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Previous Challenge Entry (Level 3 – Advanced)
Topic: Childhood (09/03/09)

TITLE: A Gambler's Prayer
By Joy Faire Stewart


“Lincoln Edward, you know not to wear a hat in this house!” Mom said, before I even cleared the back porch.

She shook her head and rolled her eyes when I told her a cowboy is just plain naked without his hat.

I almost made it through the kitchen when I spied Hi-Fi slurping milk from a dish near Mom’s feet. Without my six-shooter, I had to use my other weapon. Takin’ dead-aim on that “mountain lion,” I pitched my hat at Hi-Fi. He jumped straight up in the air and came down splat right in the middle of the milk dish. I laughed so hard, I had to hold my stomach—’til I saw milk dripping from Mom’s skirt and puddling in her pink, fluffy house shoes Dad gave her for her birthday.

She threw her hands up, like I’d said stick ’em up, her neck turned red and just about the time she opened her mouth to say something, the phone rang.

Taking a deep breath, she said into the phone, “Hello...this is Mrs. Reisman.

“Yes, I’m Lincoln’s mother.

“Miss Hartwood, he did what in school today?”

Mom stomped her foot, milk from her fluffy house shoes splashed the oven door. I grabbed the dish towel covering the dishes she had draining in the sink and mopped the oven and floor. Miss Hartwood must’ve said something really bad ‘cause Mom covered her eyes with her hand.

Mom hiccupped and said, “I’m disappointed in Lincoln’s behavior, too. His dad and I will talk to him. I’ll assure you, it won’t happen again!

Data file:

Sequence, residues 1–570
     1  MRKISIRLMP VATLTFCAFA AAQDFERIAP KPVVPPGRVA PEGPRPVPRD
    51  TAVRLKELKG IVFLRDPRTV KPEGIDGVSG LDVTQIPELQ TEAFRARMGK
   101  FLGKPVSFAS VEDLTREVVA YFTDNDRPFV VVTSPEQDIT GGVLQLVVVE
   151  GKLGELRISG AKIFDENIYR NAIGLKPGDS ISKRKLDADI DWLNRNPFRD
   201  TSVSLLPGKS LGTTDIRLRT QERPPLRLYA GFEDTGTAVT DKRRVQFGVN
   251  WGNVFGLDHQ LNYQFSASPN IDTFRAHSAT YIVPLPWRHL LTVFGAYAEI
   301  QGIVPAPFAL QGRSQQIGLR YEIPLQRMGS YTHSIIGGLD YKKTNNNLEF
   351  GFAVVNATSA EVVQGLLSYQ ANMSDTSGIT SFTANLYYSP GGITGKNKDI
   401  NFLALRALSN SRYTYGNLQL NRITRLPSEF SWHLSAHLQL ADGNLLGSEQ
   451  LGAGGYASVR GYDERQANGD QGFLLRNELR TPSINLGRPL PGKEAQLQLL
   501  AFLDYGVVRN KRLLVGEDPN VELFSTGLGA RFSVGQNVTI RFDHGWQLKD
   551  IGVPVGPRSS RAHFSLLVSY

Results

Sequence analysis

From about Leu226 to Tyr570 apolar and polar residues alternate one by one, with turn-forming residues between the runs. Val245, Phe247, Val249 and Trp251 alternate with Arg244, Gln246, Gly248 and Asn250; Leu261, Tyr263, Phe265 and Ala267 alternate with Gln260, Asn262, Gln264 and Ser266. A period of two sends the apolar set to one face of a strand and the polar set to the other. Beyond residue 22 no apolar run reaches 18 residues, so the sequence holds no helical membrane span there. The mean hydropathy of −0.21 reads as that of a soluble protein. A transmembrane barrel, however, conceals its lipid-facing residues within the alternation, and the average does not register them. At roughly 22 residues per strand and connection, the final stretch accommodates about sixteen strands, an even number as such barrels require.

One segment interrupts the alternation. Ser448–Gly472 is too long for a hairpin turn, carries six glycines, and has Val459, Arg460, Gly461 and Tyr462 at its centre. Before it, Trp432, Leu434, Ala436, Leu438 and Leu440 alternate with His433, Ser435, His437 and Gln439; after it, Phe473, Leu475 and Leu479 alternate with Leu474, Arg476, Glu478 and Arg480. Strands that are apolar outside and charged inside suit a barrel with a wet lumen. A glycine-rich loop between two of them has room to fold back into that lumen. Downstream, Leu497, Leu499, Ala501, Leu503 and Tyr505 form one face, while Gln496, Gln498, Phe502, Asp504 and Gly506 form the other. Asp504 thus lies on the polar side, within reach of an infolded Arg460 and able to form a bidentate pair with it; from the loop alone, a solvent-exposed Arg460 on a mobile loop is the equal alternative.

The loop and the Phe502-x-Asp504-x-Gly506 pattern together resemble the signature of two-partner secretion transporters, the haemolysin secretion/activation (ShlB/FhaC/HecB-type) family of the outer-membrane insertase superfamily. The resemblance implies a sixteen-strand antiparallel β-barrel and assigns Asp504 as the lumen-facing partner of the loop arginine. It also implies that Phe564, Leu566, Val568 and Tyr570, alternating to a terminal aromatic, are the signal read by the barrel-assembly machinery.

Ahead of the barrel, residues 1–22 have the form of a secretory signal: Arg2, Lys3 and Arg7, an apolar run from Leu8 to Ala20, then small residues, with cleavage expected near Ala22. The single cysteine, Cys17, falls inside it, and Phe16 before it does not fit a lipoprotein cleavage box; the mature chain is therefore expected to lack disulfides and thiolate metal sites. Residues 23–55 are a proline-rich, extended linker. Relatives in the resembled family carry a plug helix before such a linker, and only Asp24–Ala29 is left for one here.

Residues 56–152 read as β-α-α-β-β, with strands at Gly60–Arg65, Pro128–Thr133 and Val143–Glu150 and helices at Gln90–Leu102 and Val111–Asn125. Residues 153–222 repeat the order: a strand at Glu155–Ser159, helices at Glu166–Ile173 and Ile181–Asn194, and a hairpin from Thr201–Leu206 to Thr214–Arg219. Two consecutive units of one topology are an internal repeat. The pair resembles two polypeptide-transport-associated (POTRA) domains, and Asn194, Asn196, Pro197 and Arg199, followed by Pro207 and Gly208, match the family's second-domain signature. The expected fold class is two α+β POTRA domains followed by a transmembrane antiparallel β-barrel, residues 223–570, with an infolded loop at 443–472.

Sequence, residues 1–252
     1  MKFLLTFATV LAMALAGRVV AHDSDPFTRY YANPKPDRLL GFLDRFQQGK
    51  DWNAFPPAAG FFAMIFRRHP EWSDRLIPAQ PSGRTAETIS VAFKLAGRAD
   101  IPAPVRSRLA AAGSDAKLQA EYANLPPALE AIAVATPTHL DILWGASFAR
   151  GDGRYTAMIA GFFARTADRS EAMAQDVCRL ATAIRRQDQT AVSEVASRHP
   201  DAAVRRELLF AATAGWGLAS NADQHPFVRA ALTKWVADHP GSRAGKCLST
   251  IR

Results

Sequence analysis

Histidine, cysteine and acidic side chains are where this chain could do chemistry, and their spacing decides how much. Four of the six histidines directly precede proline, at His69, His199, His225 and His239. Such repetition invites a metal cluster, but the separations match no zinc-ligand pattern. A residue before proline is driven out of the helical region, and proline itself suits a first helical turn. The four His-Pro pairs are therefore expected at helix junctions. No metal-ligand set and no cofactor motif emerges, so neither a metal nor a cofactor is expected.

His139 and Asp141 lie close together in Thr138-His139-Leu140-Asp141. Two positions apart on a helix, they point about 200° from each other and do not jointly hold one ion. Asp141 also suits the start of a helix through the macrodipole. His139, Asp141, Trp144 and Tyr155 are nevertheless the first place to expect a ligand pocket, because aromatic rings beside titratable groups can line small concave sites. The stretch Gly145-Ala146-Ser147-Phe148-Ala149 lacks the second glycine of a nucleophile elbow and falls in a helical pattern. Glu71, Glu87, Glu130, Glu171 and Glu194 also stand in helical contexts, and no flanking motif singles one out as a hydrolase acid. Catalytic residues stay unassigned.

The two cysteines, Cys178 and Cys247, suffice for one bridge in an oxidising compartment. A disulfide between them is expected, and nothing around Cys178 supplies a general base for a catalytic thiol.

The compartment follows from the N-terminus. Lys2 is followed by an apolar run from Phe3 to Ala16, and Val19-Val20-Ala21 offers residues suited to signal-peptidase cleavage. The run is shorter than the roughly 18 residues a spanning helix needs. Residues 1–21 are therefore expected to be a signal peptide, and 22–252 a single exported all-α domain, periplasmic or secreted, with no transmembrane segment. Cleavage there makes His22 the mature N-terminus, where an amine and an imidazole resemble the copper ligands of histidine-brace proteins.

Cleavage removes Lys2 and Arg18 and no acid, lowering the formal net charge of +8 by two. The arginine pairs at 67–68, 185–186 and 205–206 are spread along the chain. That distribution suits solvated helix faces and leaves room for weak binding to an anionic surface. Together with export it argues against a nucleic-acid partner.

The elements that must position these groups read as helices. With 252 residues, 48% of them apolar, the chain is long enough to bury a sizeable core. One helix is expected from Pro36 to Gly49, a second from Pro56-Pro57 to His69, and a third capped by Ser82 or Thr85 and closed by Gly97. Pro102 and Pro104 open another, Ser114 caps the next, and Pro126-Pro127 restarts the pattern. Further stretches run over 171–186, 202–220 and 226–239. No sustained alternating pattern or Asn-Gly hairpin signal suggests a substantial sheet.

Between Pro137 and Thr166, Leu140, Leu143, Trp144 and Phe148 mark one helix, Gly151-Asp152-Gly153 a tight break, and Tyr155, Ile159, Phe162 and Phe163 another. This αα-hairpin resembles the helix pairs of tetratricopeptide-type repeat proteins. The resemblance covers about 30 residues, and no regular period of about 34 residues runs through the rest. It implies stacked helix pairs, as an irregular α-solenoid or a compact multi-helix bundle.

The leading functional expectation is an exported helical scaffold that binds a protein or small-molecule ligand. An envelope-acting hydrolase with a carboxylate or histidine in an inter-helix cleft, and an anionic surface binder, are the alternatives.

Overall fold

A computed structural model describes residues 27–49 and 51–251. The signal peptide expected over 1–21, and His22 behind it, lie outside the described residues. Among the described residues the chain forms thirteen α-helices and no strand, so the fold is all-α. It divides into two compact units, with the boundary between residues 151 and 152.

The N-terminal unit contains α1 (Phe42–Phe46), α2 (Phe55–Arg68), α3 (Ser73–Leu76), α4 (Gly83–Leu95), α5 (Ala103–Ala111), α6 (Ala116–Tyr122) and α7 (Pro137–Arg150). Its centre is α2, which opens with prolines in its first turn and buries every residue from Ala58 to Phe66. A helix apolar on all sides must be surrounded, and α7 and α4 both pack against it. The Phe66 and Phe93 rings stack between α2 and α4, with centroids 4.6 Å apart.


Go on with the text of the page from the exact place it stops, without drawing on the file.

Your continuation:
“I agree, Miss Hartwood, it must be difficult teaching twenty-five third graders.

“It was nice talking with you, too. Yes, I’ll see you at the PTA meeting. Thanks for calling.”

Uh-oh! Mom turned to me with that raised left eyebrow.

“Lincoln Edward Reisman, what do you mean stealing marbles from the other kids?”

“But Mom, I wasn’t stealing marbles. I won ‘em.”

“Young man, go to your room. When your dad comes home, we’ll talk about this. Meantime, you think about what you’ve done. This calls for filling your pockets with prayers!”

The dish cloth I was still holding, I carefully put back over the dishes—like Mom had it.

The sheriff’s badge dangling from my pocket weighed a ton as I climbed the stairs to my room. I plopped down on my Roy Rogers’ bedspread and kicked off my boots. Hi-Fi jumped on the bed and nuzzled my arm. I smoothed his sticky, wet fur.

I wondered if Miss Hartwood told Mom about me eating the gerbil’s lettuce when she made me stay in from recess. Must not...

Maybe I should’ve made the hole in the coffee can bigger. I won lots of marbles ‘til Angeline got down on the ground and measured the hole in the can. She sure got mad when the marble wouldn’t fit through the hole. Then, everybody got mad at me and told Miss Hartwood.

She kept the can and made me gave all the marbles back. The kids laughed at me, ‘specially Angeline.

I didn’t like marbles anymore.

My stomach hurt.

My heart hurt.

I rubbed Hi-Fi’s soft ears. He purred and washed my hand with his scratchy tongue. He forgave me for the milk bath. Mom said that God forgives and won’t remember the bad things you’ve done if you’re really sorry, and ask Him to forgive you.

I placed Hi-Fi on the pillow and slid over the side of the bed to my knees, “Jesus, I want to fill my pockets with prayers.”

The buzzing of the intercom on my desk brought me back to the walnut paneled office where I sat remembering...

I pressed the talk button. “Yes, Jillian?”

“Dr. Lincoln, your 4:00 appointment is here, and your wife is on line two. She said it’s important.”